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Feeling Invisible? This Can Help

Uncategorized Feb 17, 2022

Have you ever been in a social situation where you did not feel welcome? Have you ever had a conversation where you felt your ideas were not taken into account? The idea of feeling invisible has so many different forms, but the common thread underneath them all is not feeling adequately seen or heard, often blaming ourselves, not wanting to ask for help, or thinking that there’s something wrong with us.



Let’s shed some light on this. The thing is, we are wired to seek safety in a group; over the centuries, being shunned from the tribe was downright dangerous. Think of a pack of animals – those on the fringes can be attacked. Today we’ll talk about HOW having greater awareness of WHY you may feel invisible, actually helps you move forward to being seen and heard. Then we’ll go into what to do about it. But first, as always, knowledge is power. So this exercise is meant help you hone down on the types of Invisibility and where they come from: Rate yourself on a scale of 1-10 to see which is most relevant to you.


Types of Invisibility

  1. Childhood Emotional Neglect – this does not have to be physical neglect. Emotional neglect or invalidation may be even more pervasive. This is the idea that you have to be or act a certain way to earn the love and protection of your mom, dad, or caregiver. When parents are wounded themselves, when they weren’t aware of your needs, or were either too strict, or too checked out…Often parents, because they themselves were emotionally wounded, and were neglected themselves, had no skills to give support to you.  Yes or no? Have you seen this in your life? 1-10


  1. Racial Stereotyping – imposing cultural stereotypes according to the color of your skin. Not seeing individuals, just generalizing traits and succumbing to intolerance and ignorance. If you’re making it up the ladder, jealousy can cause people to call you the “diversity” hire.  Yes or no? Have you seen this in your life?


  1. Gender Bias – thinking through the lens of roles: that only one gender is endowed with certain skills, or not acknowledging a person’s chosen gender identity. Those who identify as transgender or non-binary often suffer the prejudice produced by intolerance and fears. All genders can feel locked into roles that make them feel boxed in: like people pleasing, or suppressing emotions instead of feeling them… Yes or no? Have you seen this in your life? 1-10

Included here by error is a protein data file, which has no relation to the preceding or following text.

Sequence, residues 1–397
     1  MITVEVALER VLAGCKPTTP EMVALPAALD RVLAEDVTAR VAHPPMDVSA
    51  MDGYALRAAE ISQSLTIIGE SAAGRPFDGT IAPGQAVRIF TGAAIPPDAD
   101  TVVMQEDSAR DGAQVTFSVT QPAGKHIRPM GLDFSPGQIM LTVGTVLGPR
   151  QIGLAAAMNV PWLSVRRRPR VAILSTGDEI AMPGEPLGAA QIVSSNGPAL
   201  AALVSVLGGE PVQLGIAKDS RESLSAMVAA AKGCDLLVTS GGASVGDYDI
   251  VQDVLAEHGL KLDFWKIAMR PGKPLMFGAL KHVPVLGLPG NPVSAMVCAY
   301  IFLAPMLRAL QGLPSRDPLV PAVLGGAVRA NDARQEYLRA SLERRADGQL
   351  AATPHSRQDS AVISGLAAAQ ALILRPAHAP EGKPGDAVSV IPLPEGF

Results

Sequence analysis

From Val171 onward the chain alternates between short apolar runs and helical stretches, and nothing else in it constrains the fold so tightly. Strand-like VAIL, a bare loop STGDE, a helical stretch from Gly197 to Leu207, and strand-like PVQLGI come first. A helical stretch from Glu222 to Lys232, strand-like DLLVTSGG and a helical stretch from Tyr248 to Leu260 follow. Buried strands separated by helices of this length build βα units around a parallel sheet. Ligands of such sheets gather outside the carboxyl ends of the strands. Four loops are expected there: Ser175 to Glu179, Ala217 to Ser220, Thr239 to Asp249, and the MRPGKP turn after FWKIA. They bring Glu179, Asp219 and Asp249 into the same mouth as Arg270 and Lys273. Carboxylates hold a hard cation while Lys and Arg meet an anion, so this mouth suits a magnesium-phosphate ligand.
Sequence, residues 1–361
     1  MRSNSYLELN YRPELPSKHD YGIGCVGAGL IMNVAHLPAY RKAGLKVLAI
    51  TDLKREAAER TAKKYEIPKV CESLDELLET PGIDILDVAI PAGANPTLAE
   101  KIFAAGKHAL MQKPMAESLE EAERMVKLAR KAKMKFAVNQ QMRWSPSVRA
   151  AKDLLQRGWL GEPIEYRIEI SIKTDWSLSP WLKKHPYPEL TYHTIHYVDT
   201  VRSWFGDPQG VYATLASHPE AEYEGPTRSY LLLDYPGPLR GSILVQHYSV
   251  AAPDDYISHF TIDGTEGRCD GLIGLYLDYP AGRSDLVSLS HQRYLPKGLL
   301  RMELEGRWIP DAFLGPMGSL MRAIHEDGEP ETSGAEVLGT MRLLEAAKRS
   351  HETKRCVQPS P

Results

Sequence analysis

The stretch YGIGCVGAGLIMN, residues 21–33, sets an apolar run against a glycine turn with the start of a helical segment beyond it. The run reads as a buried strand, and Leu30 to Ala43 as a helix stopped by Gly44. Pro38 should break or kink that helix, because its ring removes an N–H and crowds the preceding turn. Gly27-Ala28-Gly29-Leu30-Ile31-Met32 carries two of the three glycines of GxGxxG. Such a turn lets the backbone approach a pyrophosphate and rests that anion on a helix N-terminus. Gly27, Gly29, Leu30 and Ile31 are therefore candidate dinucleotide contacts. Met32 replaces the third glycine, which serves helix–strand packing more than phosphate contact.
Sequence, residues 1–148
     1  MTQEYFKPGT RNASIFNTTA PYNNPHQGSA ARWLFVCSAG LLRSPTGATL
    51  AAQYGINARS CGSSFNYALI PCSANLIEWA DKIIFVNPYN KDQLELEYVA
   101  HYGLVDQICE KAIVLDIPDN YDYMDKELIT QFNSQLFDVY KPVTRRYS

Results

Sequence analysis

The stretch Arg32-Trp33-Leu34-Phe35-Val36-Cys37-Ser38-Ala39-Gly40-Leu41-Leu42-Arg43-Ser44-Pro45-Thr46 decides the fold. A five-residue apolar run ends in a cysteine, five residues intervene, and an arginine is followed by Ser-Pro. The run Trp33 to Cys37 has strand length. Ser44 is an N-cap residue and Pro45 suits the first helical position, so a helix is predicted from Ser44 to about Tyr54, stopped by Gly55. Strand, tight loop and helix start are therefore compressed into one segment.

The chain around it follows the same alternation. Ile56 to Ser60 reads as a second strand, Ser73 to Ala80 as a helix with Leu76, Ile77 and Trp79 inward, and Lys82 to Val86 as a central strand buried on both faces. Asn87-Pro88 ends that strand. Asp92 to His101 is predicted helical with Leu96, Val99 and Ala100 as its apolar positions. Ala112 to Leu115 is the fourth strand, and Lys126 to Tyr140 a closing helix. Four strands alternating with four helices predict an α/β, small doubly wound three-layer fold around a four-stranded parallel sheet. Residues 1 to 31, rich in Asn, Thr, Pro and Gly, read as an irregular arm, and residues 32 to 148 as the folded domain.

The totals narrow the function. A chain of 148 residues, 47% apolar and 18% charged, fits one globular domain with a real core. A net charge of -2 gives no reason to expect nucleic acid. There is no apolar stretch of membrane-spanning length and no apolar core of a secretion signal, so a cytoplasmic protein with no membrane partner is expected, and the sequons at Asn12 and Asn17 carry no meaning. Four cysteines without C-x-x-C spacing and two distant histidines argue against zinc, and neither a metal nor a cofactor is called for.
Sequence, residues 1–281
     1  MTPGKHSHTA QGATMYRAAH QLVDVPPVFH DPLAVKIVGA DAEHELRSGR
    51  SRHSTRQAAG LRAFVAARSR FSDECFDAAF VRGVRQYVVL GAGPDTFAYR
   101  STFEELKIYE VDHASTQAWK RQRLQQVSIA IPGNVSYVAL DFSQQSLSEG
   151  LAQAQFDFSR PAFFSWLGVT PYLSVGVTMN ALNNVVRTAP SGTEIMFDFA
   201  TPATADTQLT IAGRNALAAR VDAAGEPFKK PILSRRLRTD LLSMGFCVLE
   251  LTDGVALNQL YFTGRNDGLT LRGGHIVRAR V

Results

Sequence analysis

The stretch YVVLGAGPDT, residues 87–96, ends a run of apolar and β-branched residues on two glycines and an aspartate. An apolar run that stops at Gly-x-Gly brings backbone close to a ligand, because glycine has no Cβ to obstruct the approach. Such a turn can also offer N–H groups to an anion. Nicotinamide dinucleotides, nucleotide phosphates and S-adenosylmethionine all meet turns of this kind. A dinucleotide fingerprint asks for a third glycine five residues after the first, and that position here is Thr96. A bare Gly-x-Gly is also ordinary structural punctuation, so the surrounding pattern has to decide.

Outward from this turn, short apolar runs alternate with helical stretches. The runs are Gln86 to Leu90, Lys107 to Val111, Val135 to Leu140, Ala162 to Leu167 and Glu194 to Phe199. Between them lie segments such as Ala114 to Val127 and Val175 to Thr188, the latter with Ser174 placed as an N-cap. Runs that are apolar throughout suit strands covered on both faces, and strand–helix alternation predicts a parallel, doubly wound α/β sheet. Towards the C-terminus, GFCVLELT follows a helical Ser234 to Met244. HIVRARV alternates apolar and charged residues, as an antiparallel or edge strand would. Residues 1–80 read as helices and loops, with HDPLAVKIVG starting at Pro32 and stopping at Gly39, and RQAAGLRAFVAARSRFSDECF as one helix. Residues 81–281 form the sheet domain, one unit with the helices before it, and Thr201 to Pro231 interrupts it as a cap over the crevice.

1. Ageism – the undertones of rejection and even disgust are built into the cultural aging conversation. Crude jokes, senior moments, desperate efforts to appear “young,” stereotypes infiltrating every media, all stem from society’s fears of growing older. If we have the grace to get older, often that stage is reviled instead of celebrated. Yes or no? Have you seen this in your life?


  1. Mental Health Stigma - this can arise in so many situations, from extreme shyness to social anxiety, from having others minimize symptoms – “it’s a stage” - to blaming the “problem child” for systemic family issues. Yes or no? Have you seen this in your life?



What To do?

What can you do with the emotional fallout: the anger, the frustration, the fears, the shame, of feeling it was your fault that you were ignored?

  1. Set Your Boundaries & See Yourself – If someone does not acknowledge you or validate you, it most important to set boundaries with them, and that YOU acknowledge yourself. Inner child or re-parenting work can be life-changing. But whatever you choose, spend some time to heal the part of you that may have rejected a part of yourself. Whatever you can do to activate self-love, make that a priority. You might repeat, “I’m grateful that I now see myself, and that I’m now there for myself. I’m grateful that I am healing”


  1. Challenge the Inner Critic - the Remember that you are intact and whole, and if others treated you badly, or invalidated your reality, it is a reflection on where they are at. Sometimes their voices are channeled through our own inner critic, but that is not your voice – it is your right and your healing to question it, and to discern that this voice is not who you are.



  1. Remember Who You Are: The way others act out is no reflection on your core essence – it speaks to their pain. Don’t believe either the external rudeness/invalidation or the internal self-criticism. There is a part of you that is MUCH more vast and grounded than all of that. Remember that on your soul level, you are stronger than you think and entirely visible and connected to something larger than yourself.

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